Chronic granulomatous disease (CGD) is an inherited immunodeficiency disease caused by defects in leukocyte NADPH oxidase. Various inherited defects in one of the membrane-bound components of NADPH oxidase, gp91-phox, cause X-linked (X91) CGD. Analysis of three patients with X91 CGD revealed that different mechanisms of molecular quality control lead to the common phenotype of absence of mature membrane-bound NADPH oxidase complex in leukocytes. In the first patient, aberrant intron splicing created a premature stop codon. However, the mutant mRNA was degraded prematurely, which prevented the production of truncated protein. In the second patient, a frameshift mutation with the potential to generate a gp91-phox polypeptide, with an aberrant and elongated C-terminus, led to barely detectable levels of gp91-phox, even though the reported functional domains of the protein appeared unaffected. In the third patient, a point mutation created a single amino acid change in the predicted FAD-binding site of gp91-phox. Although gp91-phox was detectable with Western blotting, no cytochrome b558 was expressed on the cell surface. These analyses showed that molecular quality control machinery plays an important role in the pathogenesis of CGD, not only in the X910 but also in the X91- form of this X-linked disease.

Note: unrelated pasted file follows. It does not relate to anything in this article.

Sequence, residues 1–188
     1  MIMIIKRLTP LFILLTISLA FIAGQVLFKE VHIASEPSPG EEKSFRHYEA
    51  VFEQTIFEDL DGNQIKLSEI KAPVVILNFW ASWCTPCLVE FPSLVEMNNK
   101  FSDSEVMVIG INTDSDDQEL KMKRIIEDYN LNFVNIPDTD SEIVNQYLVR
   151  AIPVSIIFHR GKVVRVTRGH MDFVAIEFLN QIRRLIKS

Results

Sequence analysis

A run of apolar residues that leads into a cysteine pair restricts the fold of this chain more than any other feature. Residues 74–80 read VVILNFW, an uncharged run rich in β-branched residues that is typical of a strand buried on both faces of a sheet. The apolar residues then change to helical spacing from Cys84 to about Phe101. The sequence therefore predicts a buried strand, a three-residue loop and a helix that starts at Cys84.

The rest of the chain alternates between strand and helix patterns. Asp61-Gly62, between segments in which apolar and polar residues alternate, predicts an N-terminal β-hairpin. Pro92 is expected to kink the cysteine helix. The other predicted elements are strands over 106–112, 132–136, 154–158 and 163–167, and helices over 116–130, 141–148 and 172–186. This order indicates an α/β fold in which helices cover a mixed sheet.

|Number of pages||12|
|Journal||Biochimica et Biophysica Acta - Molecular Basis of Disease|
|Publication status||Published - 2002 Apr 24|
All Science Journal Classification (ASJC) codes
- Molecular Medicine
- Molecular Biology